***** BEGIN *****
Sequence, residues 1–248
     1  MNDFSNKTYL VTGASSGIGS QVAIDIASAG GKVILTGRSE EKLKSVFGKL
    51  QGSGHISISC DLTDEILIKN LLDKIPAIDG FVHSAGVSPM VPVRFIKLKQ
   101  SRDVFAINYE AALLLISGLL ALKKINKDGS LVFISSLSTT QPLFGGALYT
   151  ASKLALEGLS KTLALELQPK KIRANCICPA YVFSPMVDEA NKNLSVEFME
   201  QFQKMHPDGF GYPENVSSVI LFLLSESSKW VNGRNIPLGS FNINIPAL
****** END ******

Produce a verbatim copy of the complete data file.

Sequence, residues 1–248
     1  MNDFSNKTYL VTGASSGIGS QVAIDIASAG GKVILTGRSE EKLKSVFGKL
    51  QGSGHISISC DLTDEILIKN LLDKIPAIDG FVHSAGVSPM VPVRFIKLKQ
   101  SRDVFAINYE AALLLISGLL ALKKINKDGS LVFISSLSTT QPLFGGALYT
   151  ASKLALEGLS KTLALELQPK KIRANCICPA YVFSPMVDEA NKNLSVEFME
   201  QFQKMHPDGF GYPENVSSVI LFLLSESSKW VNGRNIPLGS FNINIPAL